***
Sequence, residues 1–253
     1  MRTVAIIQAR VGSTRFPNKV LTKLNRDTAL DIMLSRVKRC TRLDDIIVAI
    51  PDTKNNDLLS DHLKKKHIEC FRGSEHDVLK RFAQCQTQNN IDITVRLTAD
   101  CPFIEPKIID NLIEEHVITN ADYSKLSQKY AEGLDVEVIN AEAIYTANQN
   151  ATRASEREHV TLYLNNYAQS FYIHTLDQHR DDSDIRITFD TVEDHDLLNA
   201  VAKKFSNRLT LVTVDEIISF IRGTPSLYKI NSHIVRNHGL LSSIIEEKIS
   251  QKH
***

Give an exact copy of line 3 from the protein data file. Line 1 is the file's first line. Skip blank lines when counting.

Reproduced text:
    51  PDTKNNDLLS DHLKKKHIEC FRGSEHDVLK RFAQCQTQNN IDITVRLTAD